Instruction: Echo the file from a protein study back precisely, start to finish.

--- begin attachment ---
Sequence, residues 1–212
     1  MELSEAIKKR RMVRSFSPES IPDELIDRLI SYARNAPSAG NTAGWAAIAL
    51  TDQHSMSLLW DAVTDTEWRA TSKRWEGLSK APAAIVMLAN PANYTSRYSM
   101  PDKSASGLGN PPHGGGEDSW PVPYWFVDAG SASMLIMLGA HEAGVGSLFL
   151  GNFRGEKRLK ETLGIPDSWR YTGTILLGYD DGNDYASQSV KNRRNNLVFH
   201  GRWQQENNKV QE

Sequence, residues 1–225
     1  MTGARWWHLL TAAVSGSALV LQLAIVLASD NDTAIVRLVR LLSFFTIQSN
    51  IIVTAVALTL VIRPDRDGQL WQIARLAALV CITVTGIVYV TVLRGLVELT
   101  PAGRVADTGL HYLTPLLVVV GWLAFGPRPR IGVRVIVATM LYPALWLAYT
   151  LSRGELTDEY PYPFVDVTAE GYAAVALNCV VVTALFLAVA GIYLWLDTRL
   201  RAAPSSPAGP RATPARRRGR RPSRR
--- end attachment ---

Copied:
Sequence, residues 1–212
     1  MELSEAIKKR RMVRSFSPES IPDELIDRLI SYARNAPSAG NTAGWAAIAL
    51  TDQHSMSLLW DAVTDTEWRA TSKRWEGLSK APAAIVMLAN PANYTSRYSM
   101  PDKSASGLGN PPHGGGEDSW PVPYWFVDAG SASMLIMLGA HEAGVGSLFL
   151  GNFRGEKRLK ETLGIPDSWR YTGTILLGYD DGNDYASQSV KNRRNNLVFH
   201  GRWQQENNKV QE

Sequence, residues 1–225
     1  MTGARWWHLL TAAVSGSALV LQLAIVLASD NDTAIVRLVR LLSFFTIQSN
    51  IIVTAVALTL VIRPDRDGQL WQIARLAALV CITVTGIVYV TVLRGLVELT
   101  PAGRVADTGL HYLTPLLVVV GWLAFGPRPR IGVRVIVATM LYPALWLAYT
   151  LSRGELTDEY PYPFVDVTAE GYAAVALNCV VVTALFLAVA GIYLWLDTRL
   201  RAAPSSPAGP RATPARRRGR RPSRR